Palo Duro Canyon

Nights: 4
Hikes: 2
Bug Bites: 0
Flies: millions!

Billed as the second largest canyon in the US, Palo Duro Canyon sounded like a must see kind of place, but for us it just didn’t impress. Maybe it was the skylight snafu or maybe it was the continued fight with the flies (apparently it’s fly season here in Texas), or maybe it’s just that we’ve seen so many spectacular places that this place paled in comparison.


It was our first Texas State Park and from what we could tell, they’re not too keen on people driving up without a reservation. Luckily we made one online because when we pulled up and said we had a reservation the ranger replied “Those are the magic words.” We also had to buy our $70 Texas State Park Pass, otherwise you pay $4 per person per day in addition to your camping fees. Since we know we’ll be in a few more Texas State Parks, we bit the bullet and bought the pass.

Wild turkeys in the campground.

Unlike other states we’ve visited, in Texas you make a reservation for a park but not a particular campground or campsite. They assign you a spot when you arrive. At Palo Duro we were put in Sagebrush which seemed like the lesser campground. While there were some pretty views in other parts of the park, you couldn’t see them here and because of the swarms of flies you couldn’t sit outside. We may have liked Palo Duro more if we had been in the campground at the end of the 8 mile park road. It was a little further into the canyon so had better views and the bugs didn’t seem as bad when we hiked the shaded Sunflower and Rojo trails near there.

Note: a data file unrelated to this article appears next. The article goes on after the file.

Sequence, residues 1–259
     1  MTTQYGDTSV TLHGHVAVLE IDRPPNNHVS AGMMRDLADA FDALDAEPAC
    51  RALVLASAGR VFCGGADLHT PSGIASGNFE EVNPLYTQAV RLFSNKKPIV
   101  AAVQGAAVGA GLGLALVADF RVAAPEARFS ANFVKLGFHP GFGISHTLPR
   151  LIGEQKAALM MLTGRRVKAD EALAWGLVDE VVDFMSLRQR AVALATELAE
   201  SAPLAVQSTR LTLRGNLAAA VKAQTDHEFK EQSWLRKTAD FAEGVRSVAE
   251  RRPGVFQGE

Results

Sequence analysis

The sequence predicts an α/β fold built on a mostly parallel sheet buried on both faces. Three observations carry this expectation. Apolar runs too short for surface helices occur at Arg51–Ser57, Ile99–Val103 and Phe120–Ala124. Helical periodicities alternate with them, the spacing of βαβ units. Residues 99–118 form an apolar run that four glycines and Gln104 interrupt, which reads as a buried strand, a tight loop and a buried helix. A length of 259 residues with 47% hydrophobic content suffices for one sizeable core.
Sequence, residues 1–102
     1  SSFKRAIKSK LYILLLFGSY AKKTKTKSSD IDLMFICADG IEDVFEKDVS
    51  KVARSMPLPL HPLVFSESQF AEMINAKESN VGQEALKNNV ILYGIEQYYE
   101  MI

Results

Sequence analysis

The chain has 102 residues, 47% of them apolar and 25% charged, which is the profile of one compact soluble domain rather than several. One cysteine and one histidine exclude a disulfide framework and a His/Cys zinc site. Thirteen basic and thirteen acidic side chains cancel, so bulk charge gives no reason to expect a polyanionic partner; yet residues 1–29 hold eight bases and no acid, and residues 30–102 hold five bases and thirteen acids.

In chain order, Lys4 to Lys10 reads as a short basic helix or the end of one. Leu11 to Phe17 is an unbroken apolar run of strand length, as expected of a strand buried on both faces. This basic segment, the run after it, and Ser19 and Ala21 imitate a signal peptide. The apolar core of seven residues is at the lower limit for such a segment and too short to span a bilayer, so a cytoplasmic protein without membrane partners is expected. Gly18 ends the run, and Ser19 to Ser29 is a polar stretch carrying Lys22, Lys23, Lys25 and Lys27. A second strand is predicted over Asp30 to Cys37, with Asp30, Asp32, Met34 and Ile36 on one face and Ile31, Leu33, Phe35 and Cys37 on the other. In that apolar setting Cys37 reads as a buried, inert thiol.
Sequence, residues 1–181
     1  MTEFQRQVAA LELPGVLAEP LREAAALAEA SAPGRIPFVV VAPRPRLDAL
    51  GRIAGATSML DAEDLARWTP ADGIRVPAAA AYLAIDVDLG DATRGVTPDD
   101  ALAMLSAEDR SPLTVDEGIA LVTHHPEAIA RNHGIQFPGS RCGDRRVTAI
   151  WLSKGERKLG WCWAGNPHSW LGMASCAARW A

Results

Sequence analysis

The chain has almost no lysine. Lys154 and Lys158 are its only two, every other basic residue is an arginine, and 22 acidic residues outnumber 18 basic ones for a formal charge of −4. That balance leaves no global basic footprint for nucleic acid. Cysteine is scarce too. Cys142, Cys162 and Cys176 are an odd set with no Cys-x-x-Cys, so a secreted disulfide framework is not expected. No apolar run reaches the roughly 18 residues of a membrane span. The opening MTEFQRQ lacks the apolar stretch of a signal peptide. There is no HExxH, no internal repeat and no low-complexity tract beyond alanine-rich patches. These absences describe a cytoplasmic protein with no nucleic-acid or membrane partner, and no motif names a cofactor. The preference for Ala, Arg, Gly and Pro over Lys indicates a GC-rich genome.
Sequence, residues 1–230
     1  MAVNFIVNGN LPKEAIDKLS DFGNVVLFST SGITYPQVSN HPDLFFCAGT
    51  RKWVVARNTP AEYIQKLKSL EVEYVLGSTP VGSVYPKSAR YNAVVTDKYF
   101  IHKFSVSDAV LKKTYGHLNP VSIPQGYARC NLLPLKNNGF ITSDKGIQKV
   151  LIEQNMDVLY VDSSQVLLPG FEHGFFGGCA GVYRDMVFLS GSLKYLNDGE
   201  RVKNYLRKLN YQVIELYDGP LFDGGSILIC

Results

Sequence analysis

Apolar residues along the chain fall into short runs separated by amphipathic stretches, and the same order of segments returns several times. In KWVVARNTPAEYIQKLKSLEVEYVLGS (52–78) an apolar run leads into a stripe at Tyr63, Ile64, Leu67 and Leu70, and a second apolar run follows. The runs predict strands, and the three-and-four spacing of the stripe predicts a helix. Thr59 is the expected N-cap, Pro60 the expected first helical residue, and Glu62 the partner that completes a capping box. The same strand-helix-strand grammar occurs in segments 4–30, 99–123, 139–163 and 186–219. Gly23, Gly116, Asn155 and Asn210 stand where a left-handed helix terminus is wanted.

Cool sedimentary rocks along the Rojo Trail.

This is another park developed by the Civilian Conservation Corps. This time they gave their stone buildings a bit of southwest flair with v shaped rooflines. In the small visitor’s center near the rim of the canyon they have a small display about CCC life. Through the big windows you can see into the canyon, but because you are at the far north end you don’t see much of it’s 120 mile length. The park road only goes about 8 miles into the canyon. I left feeling like we hadn’t really seen the whole deal.

If it wasn’t for the hike we did on the last day, I would have totally written this place off the list. Our hike, the most popular in the park, took us to a formation call The Lighthouse (6 miles). Because it was going to be a hot day we set out in the morning and I was glad we did as there was very little shade on the trail. We also spotted barbary sheep, out for a morning jaunt (they’re in the top left pic below). They look similar to big horn sheep, but are related more closely to goats. They are from Northern Africa, but were introduced into the area in the early 1940s. We spent a while watching the herd of about 15 chase each other about on the rocky hillside putting our new binoculars to good use.

One night we noticed an older Airstream in the campground and chatted with the owners. It was a 1960s model that they had fixed up. Turns out the owner is an artist who paints their Airstream in the places they visit and we had seen some of her work on the cover of Airstream Life Magazine. She was on her way to an Airstream rally to market her work and we were able to score one of her calendars. They let us peek inside their little gem and we returned the favor when they stopped by after dinner. After they left we realized that we needed to add a new lesson to our list.

Lesson #6 Turn out the lights before opening the door at night.

Yes, our handy Dyson stick vac was again put into heavy use sucking up a multitude of bugs.

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